A Barb the Zany Old Lady Review: Point of Contact by Melanie Hansen

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Rating: 5 stars out of 5

 

How do I put what this book meant to me into words? I can’t find terms to describe this outstanding work. Phenomenal, Heartbreaking, Touching, Realistic, Emotional, Hopeful? All of these, yet none can do the job on its own.

The book is in two segments: before and after.  Before Trevor’s son, Riley, is killed in action in Operation Enduring Freedom in Afghanistan and After as Trevor starts the painful process of trying to survive without his reason to live. I’m still reeling as I write this. That section was so emotional for me that tears are still leaking, and those who know me know that I don’t let those suckers loose easily. 

My son was in a similar situation, IRL, the year before Riley shipped out.  My parent trigger was pulled over and over again throughout this realistically told story.  The rare calls that only came during the night, which was their daytime.  Going off grid on patrol somewhere top secret.  The IEDs and constant danger from snipers and suicide bombers.  All that and more.  It was a very painfully emotional year for me and as I read Riley’s story and Trevor’s reactions, I was right there with them as my heart beat too fast, or I felt lightheaded, frightened, and finally, sobbing.  Honestly, I don’t know how a parent can survive the loss of a child, but if there are words to describe the hell that is having your child in a situation like Riley was in, Ms. Hansen surely found them.  Kudos for such an outstanding and sensitive portrayal of that time period. 

And the after?  Trevor was so broken it didn’t seem likely he could put one foot in front of the other.  The stages of grief are clearly portrayed. The breakup with Carl, the slowly developing friendship with Jesse, Riley’s BFF and battle buddy, and their long and very slow burn that develops into so much more—all inevitable as readers could tell by the time it happened. The beauty is in the journey we take with Trevor and Jesse along the way as they revisit their memories of Riley: the child, the friend, the soldier.  And, as with the main characters, the secondary characters are well-developed and have their own issues and impact from their time in Afghanistan, most notably PTSD. The author doesn’t gloss over any of it.  Each issue is addressed, some more in-depth than others, all of it making for an emotional read.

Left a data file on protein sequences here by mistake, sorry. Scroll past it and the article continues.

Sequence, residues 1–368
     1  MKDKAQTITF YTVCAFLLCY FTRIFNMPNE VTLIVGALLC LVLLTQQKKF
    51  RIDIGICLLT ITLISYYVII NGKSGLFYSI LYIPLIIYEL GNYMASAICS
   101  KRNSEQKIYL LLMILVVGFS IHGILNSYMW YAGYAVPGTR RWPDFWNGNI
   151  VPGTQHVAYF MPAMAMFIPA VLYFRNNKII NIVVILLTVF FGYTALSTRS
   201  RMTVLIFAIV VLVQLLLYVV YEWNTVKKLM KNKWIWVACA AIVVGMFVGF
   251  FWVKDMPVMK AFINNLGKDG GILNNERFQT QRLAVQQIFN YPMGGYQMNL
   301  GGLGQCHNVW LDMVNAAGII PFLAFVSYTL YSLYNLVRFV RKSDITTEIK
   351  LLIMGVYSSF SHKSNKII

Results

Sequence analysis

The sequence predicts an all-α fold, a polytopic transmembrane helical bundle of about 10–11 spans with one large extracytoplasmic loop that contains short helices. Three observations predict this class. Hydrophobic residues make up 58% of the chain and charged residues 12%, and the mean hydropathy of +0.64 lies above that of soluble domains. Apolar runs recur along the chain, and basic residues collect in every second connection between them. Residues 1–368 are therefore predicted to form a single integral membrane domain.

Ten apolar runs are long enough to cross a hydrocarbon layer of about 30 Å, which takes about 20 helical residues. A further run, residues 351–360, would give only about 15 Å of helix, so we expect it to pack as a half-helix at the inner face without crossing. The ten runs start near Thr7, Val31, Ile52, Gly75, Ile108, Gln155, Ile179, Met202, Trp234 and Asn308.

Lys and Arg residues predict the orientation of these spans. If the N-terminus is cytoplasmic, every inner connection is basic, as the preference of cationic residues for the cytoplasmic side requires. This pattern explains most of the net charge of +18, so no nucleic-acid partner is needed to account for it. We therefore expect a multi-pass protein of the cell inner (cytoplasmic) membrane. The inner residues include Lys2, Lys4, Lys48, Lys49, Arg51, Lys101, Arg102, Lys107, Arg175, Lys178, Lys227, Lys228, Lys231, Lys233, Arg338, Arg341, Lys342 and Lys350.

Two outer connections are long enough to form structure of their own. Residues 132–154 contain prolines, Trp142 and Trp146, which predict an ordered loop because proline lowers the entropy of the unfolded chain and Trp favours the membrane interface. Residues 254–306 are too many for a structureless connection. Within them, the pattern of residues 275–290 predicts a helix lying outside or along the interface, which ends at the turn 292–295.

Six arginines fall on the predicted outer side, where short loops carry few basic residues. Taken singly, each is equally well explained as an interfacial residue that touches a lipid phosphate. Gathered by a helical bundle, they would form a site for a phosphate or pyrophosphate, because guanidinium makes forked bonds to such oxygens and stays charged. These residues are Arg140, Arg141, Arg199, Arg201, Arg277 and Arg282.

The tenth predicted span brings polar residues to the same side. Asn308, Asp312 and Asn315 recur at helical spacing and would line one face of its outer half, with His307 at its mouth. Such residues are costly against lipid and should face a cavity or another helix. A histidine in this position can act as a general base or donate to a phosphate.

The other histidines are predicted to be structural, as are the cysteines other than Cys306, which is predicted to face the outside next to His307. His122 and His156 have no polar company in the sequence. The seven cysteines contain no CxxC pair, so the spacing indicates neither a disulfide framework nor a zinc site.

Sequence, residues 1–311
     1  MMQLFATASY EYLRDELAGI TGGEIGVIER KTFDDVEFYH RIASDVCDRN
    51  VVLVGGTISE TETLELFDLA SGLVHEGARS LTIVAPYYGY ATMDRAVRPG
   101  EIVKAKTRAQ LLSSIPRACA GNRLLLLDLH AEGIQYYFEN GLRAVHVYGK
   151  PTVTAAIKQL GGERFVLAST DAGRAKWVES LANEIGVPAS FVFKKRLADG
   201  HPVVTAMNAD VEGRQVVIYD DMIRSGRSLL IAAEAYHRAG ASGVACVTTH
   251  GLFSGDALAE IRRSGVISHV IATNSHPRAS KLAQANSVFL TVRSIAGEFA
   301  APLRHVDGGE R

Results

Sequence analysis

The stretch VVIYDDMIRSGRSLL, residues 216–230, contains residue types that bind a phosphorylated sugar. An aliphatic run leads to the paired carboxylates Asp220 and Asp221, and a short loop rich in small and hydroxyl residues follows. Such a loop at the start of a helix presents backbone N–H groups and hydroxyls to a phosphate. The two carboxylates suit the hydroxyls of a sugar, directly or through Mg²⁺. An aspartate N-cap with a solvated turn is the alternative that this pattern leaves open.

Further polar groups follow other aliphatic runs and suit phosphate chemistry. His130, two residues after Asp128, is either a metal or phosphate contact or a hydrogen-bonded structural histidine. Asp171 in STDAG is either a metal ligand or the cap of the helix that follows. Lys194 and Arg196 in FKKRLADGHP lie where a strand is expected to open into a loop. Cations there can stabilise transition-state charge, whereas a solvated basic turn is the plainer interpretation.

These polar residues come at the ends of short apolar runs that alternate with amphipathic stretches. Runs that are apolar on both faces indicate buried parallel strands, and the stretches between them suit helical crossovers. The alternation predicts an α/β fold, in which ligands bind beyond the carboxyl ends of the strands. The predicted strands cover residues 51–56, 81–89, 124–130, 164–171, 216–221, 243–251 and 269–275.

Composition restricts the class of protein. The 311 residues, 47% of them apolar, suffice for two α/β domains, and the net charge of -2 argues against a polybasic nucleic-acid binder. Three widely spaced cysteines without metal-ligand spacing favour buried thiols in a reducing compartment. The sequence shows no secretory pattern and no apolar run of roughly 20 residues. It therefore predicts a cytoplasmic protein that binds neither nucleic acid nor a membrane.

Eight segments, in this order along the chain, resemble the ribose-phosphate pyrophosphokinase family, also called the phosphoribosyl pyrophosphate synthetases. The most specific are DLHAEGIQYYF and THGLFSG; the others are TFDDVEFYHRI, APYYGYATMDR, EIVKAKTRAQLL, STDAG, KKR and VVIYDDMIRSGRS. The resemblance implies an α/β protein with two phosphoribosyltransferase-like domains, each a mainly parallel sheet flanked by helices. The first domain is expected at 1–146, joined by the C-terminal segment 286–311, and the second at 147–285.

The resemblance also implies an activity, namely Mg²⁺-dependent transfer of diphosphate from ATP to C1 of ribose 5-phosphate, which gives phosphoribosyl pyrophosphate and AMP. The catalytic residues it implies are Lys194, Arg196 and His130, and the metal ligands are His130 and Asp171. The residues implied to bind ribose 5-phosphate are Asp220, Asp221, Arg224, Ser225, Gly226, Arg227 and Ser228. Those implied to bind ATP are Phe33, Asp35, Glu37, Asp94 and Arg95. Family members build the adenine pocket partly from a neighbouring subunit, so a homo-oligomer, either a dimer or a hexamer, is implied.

Riley isn’t a fleeting character either. Though he dies in this story, his memory is kept alive throughout the book, in part during Trevor’s stages of grief, but in part through his annual visits to Arlington National Cemetery, where Riley is buried alongside other soldiers who gave their lives in Iraq and Afghanistan.  There is a romance in here.  Honest there is, but the couple’s story is wrapped up in so much other emotion that needs to be addressed, the romance is almost secondary.  Jesse and Trevor together were beautiful, though they didn’t come together as a couple until the latter part of the book.  And when they did, it wasn’t all sunshine and roses.  There is so much emotional depth to this story that I’m back to saying what I did at the beginning of this review: there are no words that can do it justice. 

Topping my Best of 2018 list, this book deserves to be read.  Grab the tissue box, find a quiet place where your sobbing will not bother others, and just read.  Read until your heart breaks and heals itself, because it will heal, and by the end of the story, joy is in store for all those who finish.  Joy and a sense of peace and accomplishment and the knowledge that you’ve just read something very special.  Needless to say, I very highly recommend this story to all lovers of MM romance, angst, age gap, hurt-comfort, and deep feels on all stages of life’s spectrum. 

~~~

The somewhat bland-colored cover features a rear view of two men gazing into one another’s eyes.  Neither appears to be younger than the other so it doesn’t quite represent the characters and isn’t appealing. 

Sales Links: Carina Press | Amazon

Book Details:

ebook, 451 pages
Expected publication: March 26th 2018 by Carina Press
ISBN139781488097058
Edition LanguageEnglish

One thought on “A Barb the Zany Old Lady Review: Point of Contact by Melanie Hansen

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